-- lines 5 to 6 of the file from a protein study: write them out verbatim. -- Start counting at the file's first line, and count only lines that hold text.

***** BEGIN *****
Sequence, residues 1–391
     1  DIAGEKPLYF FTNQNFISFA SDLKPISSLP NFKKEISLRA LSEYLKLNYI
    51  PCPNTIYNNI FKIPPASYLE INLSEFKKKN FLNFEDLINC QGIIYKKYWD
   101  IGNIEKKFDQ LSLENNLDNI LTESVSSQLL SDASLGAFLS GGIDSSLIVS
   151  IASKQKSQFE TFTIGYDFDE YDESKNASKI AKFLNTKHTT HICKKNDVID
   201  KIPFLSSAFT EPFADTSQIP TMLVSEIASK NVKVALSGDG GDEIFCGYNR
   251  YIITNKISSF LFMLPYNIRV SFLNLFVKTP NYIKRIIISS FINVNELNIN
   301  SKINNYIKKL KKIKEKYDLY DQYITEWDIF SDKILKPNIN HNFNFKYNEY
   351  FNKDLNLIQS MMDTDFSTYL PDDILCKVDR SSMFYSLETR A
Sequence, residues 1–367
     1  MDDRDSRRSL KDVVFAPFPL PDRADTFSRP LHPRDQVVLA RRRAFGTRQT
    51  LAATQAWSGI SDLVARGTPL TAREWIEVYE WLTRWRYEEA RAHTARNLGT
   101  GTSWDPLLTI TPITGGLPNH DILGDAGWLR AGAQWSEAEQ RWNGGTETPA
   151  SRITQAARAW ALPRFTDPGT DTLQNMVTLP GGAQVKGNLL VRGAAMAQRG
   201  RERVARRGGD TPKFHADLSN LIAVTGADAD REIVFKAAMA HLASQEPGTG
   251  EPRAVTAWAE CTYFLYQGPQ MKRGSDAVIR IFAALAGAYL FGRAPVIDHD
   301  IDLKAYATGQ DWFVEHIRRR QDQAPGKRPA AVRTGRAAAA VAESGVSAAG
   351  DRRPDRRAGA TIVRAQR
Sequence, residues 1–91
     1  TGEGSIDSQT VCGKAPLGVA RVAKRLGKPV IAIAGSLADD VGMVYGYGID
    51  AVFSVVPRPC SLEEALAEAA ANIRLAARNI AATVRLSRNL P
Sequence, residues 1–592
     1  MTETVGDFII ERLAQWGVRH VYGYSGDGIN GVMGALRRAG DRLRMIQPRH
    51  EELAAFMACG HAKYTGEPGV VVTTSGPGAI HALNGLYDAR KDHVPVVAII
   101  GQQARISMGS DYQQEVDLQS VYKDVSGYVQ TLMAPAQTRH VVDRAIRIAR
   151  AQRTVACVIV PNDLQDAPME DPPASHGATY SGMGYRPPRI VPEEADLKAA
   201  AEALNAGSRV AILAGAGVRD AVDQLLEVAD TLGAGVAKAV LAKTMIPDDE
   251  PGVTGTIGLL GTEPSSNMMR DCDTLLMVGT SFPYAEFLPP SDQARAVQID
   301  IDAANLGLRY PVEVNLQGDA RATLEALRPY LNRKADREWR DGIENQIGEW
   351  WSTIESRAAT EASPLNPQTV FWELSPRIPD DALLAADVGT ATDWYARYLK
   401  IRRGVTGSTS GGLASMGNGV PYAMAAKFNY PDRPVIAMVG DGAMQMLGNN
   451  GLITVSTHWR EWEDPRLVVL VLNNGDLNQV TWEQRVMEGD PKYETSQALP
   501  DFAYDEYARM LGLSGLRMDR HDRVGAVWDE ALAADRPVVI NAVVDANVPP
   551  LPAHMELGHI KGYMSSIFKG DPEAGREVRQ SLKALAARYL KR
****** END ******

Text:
   151  IASKQKSQFE TFTIGYDFDE YDESKNASKI AKFLNTKHTT HICKKNDVID
   201  KIPFLSSAFT EPFADTSQIP TMLVSEIASK NVKVALSGDG GDEIFCGYNR